SANTA CRUZ, Calif. — Cold water released from Lake Shasta into the Sacramento River to benefit endangered salmon can be detrimental to young green sturgeon, a threatened species adapted to warmer water. But scientists at UC Santa Cruz and the National Marine Fisheries Service have found a way to minimize this apparent conflict through a water management strategy that benefits both species, while also meeting the needs of agricultural water users downstream.
Releases of cold water during the spring and summer create favorable spawning conditions in the Sacramento River for the endangered winter-run chinook salmon, which were cut off from their historical spawning grounds at higher elevations by the construction of Shasta Dam. Salmon eggs require cold water temperatures to survive, but juvenile green sturgeon need the lower flows and warmer temperatures typical of the main stem of the Sacramento River to grow and thrive.
The researchers used statistical modeling to see if there is an optimal management scenario that can meet the needs of both species along with those of downstream water users. Their results, published August 20 in the Journal of Applied Ecology, show that dam releases can be managed to achieve all three objectives in all but the most severe drought years.
“It’s a win-win-win here in the sense that we’re not giving up anything to get an improvement for the green sturgeon,” said Eric Palkovacs, associate professor of ecology and evolutionary biology at UC Santa Cruz and senior author of the paper. “Currently, the primary management objectives are keeping it cold for the salmon eggs and delivering enough water downstream. As a result, we’ve been refrigerating the river in regions where historically the green sturgeon have been spawning.”
First author Liam Zarri conducted the study for his UCSC master’s thesis, working with Palkovacs and coauthors Eric Danner and Miles Daniels at the National Marine Fisheries Service laboratory in Santa Cruz. Zarri found that discharge rates and water temperatures strongly influence the body condition of larval green sturgeon. In years with high discharges of cold water, egg survival for winter-run chinook salmon was high but the condition of juvenile green sturgeon was poor. In drought years, however, with low flows and warmer water, green sturgeon did well while salmon egg survival was low. The sturgeon larvae seem to be especially sensitive to high discharges, which affect their swimming ability and availability of prey.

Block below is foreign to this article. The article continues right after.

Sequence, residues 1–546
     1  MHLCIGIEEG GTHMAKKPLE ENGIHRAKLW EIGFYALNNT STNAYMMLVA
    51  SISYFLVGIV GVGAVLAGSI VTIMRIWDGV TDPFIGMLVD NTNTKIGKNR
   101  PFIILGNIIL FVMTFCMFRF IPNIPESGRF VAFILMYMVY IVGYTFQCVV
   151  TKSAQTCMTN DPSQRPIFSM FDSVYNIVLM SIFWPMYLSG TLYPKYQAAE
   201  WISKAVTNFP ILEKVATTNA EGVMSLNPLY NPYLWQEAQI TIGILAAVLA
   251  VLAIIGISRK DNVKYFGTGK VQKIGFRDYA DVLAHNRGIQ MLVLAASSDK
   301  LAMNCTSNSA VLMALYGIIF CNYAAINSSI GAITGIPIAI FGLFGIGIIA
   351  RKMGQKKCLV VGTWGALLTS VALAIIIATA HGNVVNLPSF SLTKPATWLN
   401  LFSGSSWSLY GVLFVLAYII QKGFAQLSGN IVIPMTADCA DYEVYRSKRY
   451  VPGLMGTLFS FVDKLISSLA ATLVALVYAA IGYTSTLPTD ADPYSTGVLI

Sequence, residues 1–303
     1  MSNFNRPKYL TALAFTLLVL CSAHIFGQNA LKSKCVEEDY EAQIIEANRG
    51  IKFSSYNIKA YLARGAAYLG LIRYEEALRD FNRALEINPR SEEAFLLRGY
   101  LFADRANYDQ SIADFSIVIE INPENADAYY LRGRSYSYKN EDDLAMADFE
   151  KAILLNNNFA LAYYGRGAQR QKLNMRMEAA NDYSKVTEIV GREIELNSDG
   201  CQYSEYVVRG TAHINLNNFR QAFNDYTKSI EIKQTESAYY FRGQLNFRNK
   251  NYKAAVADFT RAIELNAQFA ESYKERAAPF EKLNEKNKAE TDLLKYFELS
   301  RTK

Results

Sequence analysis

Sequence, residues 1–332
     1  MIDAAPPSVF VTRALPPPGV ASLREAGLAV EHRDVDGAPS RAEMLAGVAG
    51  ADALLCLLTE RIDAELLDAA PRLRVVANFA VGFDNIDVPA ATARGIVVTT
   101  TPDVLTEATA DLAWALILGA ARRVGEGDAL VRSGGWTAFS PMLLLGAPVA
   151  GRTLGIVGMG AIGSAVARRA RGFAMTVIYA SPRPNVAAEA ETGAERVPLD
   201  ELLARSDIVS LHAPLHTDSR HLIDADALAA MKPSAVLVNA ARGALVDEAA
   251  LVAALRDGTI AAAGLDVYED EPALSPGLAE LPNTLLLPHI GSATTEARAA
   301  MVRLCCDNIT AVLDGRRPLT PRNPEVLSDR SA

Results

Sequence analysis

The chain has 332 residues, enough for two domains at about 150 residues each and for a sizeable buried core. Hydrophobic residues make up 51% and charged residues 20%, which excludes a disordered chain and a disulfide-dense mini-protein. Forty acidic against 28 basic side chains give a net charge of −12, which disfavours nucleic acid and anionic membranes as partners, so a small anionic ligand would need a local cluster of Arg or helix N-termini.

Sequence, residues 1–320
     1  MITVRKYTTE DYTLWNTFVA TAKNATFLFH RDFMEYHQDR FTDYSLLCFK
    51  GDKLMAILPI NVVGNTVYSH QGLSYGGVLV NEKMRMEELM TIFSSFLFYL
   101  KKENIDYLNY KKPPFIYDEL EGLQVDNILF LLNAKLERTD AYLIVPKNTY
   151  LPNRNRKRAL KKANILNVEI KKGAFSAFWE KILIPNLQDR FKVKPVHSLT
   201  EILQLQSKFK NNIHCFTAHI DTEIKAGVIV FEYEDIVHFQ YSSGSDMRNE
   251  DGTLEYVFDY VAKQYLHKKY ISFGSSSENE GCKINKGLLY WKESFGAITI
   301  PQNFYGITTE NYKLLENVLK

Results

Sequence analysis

The key to meeting the needs of both species, Zarri said, is that they spawn at slightly different times of the year. “We’re able to suggest a management scenario which uses the differential timing of spawning in these two species. When they overlap, our model gives us the ideal temperature and flow for when both species are present,” he said.
Zarri noted that the dam releases can draw either cold water from the bottom of the lake or warmer water from closer to the surface. Under the optimal management scenario proposed in the paper, low flows of warmer water can be released early in the season (April and May) when only green sturgeon are spawning and demand for water for agriculture has not yet ramped up. Late in the season (July to November), high flows of cold water can be released to benefit salmon and meet agricultural water needs.
The overlap period in June and early July, when both salmon and sturgeon are present in the part of the river most affected by the dam releases, is more complicated. That’s where the statistical modeling approach, which takes into account the needs of both species, provides the ideal conditions of temperature and water flow that dam managers can aim for to ensure that the river is not too warm for salmon or too cold and fast for sturgeon.
“Under the current management, there is quite a long period of cold water releases starting very early in the season before the chinook salmon have really started showing up in earnest. We’re saying that you can wait until the green sturgeon have matured and moved out of the system,” Palkovacs said. “That has a side benefit in drought years, when limiting those early releases saves water for later in the year when it’s more valuable, both for salmon and for downstream water demand.”
Palkovacs noted that other native species in the river, including spring and fall runs of salmon, are probably also being affected by the cold water releases. At this point, however, the researchers did not have enough information about other species to include them in their analysis.
–University of California – Santa Cruz
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